Canadian Housing Prices Overvalued by 25%

A study from UBC says that many Canadian homes are overvalued, many by as much as 25%, as is reported in the Financial Post.

The study looked at 9 Canadian cities and found that houses were overvalued from $32,000 to $87,000. It looked at prices for single-family homes in Q2 2008 compared to what the prices would be in a balanced market based on the relationship between house prices and rents.

Some of the key facts include:

  • Only in Toronto are prices in balance with rents
  • In Halifax, Montreal, Ottawa, Regina and Winnipeg prices would need to drop by at least 20% to be in balance
  • In Calgary by 7% and in Vancouver by 11%
  • Edmonton house prices are actually below equilibrium, and would have to rise by 8% to be in balance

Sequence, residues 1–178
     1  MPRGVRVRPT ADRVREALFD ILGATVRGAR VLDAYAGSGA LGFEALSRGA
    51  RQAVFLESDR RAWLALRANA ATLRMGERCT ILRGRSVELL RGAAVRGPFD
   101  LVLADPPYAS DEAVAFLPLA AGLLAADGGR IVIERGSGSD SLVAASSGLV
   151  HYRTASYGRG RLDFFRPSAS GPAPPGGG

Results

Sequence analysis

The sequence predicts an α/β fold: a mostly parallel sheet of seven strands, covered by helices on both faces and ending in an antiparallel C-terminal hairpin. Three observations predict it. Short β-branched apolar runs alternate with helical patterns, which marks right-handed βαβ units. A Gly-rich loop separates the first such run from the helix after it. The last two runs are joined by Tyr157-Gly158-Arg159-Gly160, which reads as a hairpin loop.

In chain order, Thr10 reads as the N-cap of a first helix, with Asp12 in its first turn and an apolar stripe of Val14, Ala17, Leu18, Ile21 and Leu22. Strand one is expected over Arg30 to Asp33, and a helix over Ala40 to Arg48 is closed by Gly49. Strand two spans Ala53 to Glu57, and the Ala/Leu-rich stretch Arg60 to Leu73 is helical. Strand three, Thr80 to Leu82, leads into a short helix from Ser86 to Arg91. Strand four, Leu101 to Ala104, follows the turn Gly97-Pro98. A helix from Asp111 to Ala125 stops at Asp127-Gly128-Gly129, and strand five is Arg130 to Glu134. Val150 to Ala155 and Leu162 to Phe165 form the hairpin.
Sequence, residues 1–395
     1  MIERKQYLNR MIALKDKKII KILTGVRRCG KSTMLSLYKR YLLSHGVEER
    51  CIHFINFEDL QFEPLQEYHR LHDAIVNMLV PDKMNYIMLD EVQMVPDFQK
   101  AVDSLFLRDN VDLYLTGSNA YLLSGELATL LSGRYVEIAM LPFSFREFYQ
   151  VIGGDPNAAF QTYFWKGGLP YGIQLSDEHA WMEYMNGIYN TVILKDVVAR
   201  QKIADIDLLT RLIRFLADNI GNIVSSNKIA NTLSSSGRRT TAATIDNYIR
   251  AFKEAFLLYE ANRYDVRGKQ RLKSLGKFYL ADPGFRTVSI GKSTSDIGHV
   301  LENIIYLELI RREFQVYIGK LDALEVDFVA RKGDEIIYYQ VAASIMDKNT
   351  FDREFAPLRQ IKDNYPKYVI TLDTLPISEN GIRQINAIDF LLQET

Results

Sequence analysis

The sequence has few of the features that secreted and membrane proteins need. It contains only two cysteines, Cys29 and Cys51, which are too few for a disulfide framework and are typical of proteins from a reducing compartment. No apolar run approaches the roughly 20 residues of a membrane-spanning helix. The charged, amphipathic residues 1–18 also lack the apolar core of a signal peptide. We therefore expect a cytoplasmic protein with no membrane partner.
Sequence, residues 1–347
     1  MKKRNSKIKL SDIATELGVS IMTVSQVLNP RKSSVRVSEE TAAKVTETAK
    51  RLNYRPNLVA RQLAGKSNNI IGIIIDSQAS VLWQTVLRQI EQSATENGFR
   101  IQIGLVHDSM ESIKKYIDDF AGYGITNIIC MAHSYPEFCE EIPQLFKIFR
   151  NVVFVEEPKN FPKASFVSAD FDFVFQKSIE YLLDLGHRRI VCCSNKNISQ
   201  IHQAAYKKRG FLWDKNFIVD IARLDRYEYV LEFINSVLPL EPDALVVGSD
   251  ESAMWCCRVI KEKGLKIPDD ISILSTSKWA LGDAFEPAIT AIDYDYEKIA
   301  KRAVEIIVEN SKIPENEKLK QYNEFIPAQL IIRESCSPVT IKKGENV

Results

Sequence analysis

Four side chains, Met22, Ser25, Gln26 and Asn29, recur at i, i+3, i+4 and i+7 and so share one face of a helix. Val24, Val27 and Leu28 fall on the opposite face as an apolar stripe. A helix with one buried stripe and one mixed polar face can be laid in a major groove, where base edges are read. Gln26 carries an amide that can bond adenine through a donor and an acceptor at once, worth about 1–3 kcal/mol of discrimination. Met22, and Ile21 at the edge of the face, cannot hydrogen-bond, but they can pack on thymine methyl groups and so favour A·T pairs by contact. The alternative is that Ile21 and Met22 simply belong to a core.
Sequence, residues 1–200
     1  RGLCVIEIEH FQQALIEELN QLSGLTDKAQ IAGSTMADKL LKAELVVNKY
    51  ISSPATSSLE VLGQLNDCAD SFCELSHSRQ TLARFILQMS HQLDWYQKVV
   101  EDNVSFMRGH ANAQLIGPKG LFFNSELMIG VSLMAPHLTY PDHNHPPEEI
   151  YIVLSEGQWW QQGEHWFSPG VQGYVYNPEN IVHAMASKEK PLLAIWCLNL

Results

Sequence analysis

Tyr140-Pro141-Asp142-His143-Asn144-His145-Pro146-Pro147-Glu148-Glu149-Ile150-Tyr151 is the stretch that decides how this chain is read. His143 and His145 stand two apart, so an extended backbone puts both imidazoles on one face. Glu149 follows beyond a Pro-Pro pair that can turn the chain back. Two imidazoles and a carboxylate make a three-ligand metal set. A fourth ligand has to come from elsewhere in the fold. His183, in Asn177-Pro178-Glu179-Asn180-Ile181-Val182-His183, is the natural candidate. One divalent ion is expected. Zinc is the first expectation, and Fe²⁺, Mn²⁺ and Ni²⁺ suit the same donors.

• During the U.S. housing boom, which ran from 1997 to 2006, prices rose 132%, while in Canada over the 2001-08 boom prices in the nine cities rose by an average of 87%The amount house prices would need to fall to bring prices back into balance was ($):
  • Calgary $32,000
  • Halifax $58,000
  • Montreal $68,000
  • Ottawa $81,000
  • Regina $87,000
  • Vancouver $85,000
  • Winnipeg $74,000
  • Annual house prices increases during the Canadian housing boom from 2001 – 2008 were:
  • Regina 14.5%
  • Calgary 12.4%
  • Vancouver 10.6%
  • Winnipeg 10.2%
  • Montreal 8.1%
  • Halifax 5.7%
  • Ottawa 5.7%
  • Toronto 7.2%

Related Topics

Economic News / Mortgage News / Mortgages

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